Article

A gradient expansion for cosmological backreaction

Journal of Cosmology and Astroparticle Physics (Impact Factor: 5.81). 12/2011; 2012(03). DOI: 10.1088/1475-7516/2012/03/026
Source: arXiv

ABSTRACT

We address the issue of cosmological backreaction from non-linear
structure formation by constructing an approximation for the time evolved metric of a dust dominated universe based on a gradient expansion. Our metric begins as a perturbation of a flat Friedmann-Robertson-Walker state described by a nearly scale invariant, Gaussian, power-law distribution, and evolves in time until non-linear structures have formed. After describing and attempting to control for certain complications in the implementation of this approach, this metric then forms a working model of the universe. We numerically calculate the evolution of the average scale factor in this model and hence the backreaction. We argue that, despite its limitations, this model is more realistic than previous models that have confronted the issue of backreaction. We find that the instantaneous effects of backreaction in this model could be as large as ~ 10% of the background. This suggests that a proper understanding of the cumulative effects of backreaction could be crucial for precision cosmology and any future exploration of the dark sector.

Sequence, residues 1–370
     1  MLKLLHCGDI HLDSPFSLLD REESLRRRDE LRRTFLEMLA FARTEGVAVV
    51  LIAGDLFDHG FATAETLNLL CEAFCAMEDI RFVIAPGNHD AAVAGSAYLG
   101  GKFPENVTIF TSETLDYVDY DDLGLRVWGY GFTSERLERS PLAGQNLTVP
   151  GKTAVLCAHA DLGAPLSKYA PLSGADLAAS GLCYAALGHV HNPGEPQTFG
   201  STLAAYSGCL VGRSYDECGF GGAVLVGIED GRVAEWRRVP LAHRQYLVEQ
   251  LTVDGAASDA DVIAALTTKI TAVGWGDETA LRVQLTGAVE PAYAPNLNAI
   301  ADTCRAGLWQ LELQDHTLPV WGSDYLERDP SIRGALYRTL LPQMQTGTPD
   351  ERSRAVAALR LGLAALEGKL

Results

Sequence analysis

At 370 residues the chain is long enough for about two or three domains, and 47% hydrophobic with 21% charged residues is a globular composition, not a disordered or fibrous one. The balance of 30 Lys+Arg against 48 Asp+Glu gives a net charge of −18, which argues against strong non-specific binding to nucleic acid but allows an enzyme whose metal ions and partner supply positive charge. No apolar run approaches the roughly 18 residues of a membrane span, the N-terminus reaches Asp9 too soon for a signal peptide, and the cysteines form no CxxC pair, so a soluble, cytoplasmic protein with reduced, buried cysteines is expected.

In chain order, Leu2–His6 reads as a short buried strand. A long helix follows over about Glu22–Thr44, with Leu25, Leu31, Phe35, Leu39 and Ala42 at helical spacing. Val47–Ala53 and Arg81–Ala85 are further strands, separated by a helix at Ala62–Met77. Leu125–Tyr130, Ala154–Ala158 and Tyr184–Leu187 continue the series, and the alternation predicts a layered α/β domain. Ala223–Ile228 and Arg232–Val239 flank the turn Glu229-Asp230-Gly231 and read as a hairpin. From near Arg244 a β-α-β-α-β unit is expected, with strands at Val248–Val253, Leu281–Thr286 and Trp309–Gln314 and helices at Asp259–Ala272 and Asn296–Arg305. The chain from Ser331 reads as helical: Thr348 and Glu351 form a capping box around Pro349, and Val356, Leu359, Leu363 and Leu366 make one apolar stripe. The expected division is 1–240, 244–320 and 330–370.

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    • "It as also proved useful in studying the backreaction of cosmic structure formation, see [18] and arXiv:1203.2796v2 [astro-ph.CO] 18 Oct 2012 more recently [19]. In most of past works the gradient expansion has been applied directly on the Einstein equations. "
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    • "Developed in [25] [53] and used in [35] to study backreaction, this technique—contrary to perturbation theory—seems to take better care of the impact of the small-scale nonlinear effects on the larger ones. A recent study [29] has shown that, already for gradient expansion quantities of the 4 th -level, the effects of backreaction grows to 5–10% of the background. A realization of this iterative strategy is the subject of forthcoming work. "
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